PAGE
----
Thursday, 23 August 2018

In Sorrow's Footsteps: The Marian Consort in Gabriel Jackson, James MacMillan, Palestrina & Allegri

In Sorrows Footsteps - The Marian Consort - Delphian
Palestrina, Gabriel Jackson, Allegri, James MacMillan; The Marian Consort, Rory McCleery; Delphian Reviewed by Robert Hugill on 23 August 2018 Star rating: 4.0 (★★★★)
Ancient & modern: contemporary settings of sacred texts alongside iconic settings from the past

This latest disc from the Marian Consort, director Rory McCleery, on Delphian, In Sorrow's Footsteps, compares and contrasts ancient and modern settings of iconic sacred texts, with settings of the Stabat Mater by Palestrina and Gabriel Jackson, and the Miserere (Psalm 51) by Allegri and James MacMillan, with two motets by Palestrina completing the programme.

The Marian Consort sings these pieces one voice to a part, which provides and interesting perspective on pieces which are generally sung by larger ensembles nowadays; only Gabriel Jackson's piece, written for The Marian Consort, was conceived for single voices. Palestrina's music, written for the Sistine Chapel Choir, would have been performed by single voices and larger groups, and James MacMillan's piece was written for The Sixteen.

We being with Gabriel Jackson's Stabat Mater, written for The Marian Consort in 2017. The piece starts with a cry of pain in the form of dense, intense chords. Jackson uses a fluid structure, moving between single lines, translucent polyphonic textures and moments of dense intense pain, with his familiar undulating chant-inflected vocal lines often present. The Marian Consort gives a wonderfully intense yet precise performance, with superb placement in the dense chords and expressive solo moments.

The ensemble follows this with Palestrina's motet Super flumina Babylonis. They bring the same focused, concentrated sound to the Palestrina as to the Gabriel Jackson creating a contained, melancholy performance.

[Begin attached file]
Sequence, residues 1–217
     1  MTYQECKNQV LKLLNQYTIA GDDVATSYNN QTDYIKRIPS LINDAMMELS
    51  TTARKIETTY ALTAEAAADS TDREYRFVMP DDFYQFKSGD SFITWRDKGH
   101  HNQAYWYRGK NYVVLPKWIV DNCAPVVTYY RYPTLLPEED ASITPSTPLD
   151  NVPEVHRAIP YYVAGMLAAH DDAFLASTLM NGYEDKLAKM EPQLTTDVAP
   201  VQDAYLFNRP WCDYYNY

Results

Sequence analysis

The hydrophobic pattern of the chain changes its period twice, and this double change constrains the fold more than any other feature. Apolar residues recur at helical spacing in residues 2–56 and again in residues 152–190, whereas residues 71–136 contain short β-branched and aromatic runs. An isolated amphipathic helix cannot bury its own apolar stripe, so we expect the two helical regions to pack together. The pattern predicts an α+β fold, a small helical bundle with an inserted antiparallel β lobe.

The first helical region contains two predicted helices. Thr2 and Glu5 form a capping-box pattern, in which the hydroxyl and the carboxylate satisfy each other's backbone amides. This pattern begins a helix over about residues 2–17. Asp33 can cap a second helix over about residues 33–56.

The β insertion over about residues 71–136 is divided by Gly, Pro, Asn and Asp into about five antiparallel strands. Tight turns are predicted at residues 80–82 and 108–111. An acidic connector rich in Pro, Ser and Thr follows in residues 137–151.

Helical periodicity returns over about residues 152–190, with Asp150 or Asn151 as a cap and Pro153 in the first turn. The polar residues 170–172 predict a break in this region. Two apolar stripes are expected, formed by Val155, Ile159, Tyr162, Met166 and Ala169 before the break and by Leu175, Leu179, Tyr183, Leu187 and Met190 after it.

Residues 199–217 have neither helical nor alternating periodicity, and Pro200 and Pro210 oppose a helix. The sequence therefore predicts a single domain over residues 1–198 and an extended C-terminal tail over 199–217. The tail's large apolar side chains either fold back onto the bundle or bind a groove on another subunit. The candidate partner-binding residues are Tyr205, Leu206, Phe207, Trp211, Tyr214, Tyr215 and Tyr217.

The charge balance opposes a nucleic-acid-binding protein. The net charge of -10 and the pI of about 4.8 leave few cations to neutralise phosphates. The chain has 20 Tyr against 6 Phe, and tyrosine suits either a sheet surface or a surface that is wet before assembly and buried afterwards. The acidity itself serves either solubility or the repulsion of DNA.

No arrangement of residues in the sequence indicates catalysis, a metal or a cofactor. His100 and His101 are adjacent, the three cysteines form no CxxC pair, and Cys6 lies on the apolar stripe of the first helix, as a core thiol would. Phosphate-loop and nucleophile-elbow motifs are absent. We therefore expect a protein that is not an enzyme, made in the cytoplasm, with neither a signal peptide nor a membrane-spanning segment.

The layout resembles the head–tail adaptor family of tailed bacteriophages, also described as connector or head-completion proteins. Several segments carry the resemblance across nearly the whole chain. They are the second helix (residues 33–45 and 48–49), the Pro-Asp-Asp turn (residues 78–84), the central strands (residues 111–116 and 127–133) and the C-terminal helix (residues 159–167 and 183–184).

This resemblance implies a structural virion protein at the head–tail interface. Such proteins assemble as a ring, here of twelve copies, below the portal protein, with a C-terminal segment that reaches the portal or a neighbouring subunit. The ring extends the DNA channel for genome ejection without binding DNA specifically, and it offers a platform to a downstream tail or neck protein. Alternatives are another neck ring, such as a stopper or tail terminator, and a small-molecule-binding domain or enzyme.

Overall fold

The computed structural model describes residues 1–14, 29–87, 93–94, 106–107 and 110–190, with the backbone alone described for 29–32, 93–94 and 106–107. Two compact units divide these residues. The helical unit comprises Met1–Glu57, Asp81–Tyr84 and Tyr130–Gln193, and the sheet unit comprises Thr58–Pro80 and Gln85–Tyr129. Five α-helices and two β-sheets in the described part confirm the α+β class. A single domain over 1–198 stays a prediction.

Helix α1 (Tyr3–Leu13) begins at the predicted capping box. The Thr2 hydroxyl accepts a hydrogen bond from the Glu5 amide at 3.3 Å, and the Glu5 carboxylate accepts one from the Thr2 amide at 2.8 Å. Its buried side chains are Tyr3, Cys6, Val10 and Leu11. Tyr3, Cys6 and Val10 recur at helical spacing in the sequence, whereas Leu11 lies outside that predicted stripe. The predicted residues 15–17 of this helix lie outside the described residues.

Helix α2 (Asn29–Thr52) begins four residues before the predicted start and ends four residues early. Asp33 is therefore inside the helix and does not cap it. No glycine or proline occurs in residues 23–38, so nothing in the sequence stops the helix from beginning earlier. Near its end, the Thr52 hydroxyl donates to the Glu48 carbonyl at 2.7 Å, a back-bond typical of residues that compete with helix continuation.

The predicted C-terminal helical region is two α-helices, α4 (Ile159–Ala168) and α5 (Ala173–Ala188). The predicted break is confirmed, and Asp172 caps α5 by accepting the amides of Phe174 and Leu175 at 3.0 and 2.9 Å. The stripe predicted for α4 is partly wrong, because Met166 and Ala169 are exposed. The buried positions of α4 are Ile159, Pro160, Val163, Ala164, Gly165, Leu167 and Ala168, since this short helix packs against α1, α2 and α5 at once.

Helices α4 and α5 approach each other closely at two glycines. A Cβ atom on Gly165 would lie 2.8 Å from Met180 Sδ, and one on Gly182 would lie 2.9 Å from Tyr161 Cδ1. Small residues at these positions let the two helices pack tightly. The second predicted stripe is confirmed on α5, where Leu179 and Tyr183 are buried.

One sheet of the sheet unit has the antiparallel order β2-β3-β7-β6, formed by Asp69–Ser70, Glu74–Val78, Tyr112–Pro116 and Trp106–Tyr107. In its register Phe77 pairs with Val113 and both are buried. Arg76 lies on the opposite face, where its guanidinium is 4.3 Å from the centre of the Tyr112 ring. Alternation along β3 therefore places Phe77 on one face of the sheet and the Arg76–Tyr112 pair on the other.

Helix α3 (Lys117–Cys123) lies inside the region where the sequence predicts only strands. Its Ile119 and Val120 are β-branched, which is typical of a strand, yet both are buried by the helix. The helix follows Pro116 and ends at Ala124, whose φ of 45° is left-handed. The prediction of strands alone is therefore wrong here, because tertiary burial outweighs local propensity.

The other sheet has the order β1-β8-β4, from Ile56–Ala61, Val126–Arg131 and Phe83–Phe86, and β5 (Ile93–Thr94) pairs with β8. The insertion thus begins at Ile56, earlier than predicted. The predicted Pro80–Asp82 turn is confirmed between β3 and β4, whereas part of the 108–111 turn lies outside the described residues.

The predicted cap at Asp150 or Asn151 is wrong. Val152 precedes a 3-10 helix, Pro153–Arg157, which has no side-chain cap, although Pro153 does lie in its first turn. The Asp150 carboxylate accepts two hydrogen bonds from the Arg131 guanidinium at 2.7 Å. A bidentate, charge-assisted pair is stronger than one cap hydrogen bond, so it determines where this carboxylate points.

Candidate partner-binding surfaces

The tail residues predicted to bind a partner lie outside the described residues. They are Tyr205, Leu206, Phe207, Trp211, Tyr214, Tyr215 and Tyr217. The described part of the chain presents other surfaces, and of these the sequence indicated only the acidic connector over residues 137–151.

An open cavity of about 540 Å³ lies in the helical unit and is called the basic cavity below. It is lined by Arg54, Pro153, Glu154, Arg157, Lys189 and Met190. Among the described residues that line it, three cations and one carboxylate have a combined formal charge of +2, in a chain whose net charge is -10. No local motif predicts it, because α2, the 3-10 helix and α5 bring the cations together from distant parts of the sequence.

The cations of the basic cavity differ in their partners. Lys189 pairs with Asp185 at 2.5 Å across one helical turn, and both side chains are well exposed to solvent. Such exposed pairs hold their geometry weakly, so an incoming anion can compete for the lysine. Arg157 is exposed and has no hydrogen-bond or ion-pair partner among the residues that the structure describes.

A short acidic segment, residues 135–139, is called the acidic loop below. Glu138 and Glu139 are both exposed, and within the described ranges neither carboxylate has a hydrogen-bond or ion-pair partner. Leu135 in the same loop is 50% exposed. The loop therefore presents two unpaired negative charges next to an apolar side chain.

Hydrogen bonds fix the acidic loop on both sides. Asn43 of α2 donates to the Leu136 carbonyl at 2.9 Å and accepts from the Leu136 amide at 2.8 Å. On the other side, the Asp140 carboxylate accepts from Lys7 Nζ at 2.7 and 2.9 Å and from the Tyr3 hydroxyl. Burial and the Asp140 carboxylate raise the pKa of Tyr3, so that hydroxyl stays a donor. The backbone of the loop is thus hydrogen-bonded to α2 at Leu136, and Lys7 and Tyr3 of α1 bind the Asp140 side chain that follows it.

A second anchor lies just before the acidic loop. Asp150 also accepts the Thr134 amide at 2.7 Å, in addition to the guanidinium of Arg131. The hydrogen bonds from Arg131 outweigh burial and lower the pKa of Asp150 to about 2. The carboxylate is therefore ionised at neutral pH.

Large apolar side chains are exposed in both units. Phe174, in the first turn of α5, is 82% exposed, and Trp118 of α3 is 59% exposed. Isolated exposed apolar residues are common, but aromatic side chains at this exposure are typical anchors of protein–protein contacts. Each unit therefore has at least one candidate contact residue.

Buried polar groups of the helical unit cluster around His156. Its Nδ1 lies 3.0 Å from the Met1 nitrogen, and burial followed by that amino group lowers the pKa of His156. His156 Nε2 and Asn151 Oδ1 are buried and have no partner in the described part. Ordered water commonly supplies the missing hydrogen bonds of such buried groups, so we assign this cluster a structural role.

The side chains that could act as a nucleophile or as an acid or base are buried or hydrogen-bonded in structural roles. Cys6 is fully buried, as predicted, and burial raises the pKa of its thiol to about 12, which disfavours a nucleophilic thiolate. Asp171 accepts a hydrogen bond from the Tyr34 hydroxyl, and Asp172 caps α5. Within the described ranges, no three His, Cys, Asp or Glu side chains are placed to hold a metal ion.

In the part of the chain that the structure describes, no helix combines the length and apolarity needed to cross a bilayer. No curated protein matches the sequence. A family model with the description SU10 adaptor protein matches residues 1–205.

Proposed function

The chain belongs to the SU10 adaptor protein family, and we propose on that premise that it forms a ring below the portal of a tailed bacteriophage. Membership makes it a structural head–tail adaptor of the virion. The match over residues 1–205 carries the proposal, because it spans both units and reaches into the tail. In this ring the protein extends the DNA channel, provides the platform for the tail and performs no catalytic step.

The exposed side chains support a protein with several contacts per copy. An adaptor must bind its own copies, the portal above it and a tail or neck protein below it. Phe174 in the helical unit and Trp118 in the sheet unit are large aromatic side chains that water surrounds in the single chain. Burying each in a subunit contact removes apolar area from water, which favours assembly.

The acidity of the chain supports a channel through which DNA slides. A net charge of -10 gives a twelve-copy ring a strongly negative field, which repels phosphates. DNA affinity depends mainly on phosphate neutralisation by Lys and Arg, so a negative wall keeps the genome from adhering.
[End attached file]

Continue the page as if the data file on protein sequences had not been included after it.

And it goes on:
Palestrina's Stabat Mater is a setting of the iconic text for two four-part choirs. There is hardly any polyphony, instead Palestrina uses homophonic interaction between the two choirs to ensure the primacy of the text. This is a very poised performance, and a true consort one with the eight individual voices clearly expressed. This creates a remarkable intimacy, yet a real directness too. So the words are completely clear, particularly as the speed is relatively slow making the piece rather stately.

Allegri's Miserere exists in multiple versions and his 17th century original is far different to the one known today. The Marian Consort unfortunately use the traditional version, with the top C which was introduced during the 20th century, rather than a more coherent edition such as the one created by Ben Byram Wigfield for The Sixteen. That said, performing the work with single voices creates a very concentrated feel, with some lovely shapely phrases. The overall tempo is quite steady and I found the base pulse of the chant a little too much so. Choir Two, the solo quartet, is placed quite distant with an acoustic aura. Technically this is superb, with pinpoint top Cs.